The March 1849 production of Chshingura at Edo Nakamura-za theater

Kabuki couples who cannot be together in life due to various circumstances and who therefore decide to be together in death instead. Many if not most sewamono contain significant elements of this theme of societal pressures and limitations. Important elements of kabuki include the mie (), in which the actor holds a picturesque pose to establish his character.[17] At this point his house name (yag, ) is sometimes heard in loud shout (kakegoe, ) from an expert audience member, serving both to express and enhance the audience's appreciation of the actor's achievement. An even greater compliment can be paid by shouting the name of the actor's father. Kesh, kabuki makeup, provides an element of style easily recognizable even by those unfamiliar with the art form. Rice powder is used to create the white oshiroi base for the characteristic stage makeup, and kumadori enhances or exaggerates facial lines to produce dramatic animal or supernatural masks. The color of the kumadori is an expression of the character's nature: red lines are used to indicate passion, heroism, righteousness, and other positive traits; blue or black, villainy, jealousy, and other negative traits; green, the supernatural; and purple, nobility.[8]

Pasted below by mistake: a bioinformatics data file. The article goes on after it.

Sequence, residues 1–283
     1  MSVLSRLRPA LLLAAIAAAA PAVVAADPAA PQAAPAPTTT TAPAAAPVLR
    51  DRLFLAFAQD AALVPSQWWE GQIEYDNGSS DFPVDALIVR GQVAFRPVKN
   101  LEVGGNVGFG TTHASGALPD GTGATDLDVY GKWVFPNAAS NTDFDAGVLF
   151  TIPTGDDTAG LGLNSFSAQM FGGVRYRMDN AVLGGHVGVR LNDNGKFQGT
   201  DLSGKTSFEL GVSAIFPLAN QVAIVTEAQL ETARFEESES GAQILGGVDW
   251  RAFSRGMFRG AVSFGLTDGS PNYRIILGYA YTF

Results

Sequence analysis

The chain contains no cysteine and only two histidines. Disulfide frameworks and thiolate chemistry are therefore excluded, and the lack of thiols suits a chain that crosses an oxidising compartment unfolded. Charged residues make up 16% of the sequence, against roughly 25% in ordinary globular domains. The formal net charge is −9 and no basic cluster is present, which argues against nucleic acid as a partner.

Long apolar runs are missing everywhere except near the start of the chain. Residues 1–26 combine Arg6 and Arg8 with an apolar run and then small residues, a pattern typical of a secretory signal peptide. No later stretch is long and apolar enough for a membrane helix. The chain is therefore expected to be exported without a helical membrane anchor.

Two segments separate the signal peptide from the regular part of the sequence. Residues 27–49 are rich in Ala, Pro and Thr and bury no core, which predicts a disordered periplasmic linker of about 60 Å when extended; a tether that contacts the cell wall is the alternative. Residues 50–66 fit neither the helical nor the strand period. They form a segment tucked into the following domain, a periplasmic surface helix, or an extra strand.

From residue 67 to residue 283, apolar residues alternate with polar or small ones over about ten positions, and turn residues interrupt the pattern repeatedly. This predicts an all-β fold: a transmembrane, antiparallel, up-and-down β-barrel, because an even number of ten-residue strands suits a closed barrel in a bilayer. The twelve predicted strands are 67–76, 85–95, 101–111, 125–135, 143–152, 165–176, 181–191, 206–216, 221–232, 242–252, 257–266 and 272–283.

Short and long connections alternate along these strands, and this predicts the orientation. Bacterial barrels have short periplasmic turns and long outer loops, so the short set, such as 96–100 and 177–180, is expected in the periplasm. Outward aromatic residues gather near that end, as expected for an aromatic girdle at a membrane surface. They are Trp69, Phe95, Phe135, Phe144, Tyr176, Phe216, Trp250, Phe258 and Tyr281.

Play structure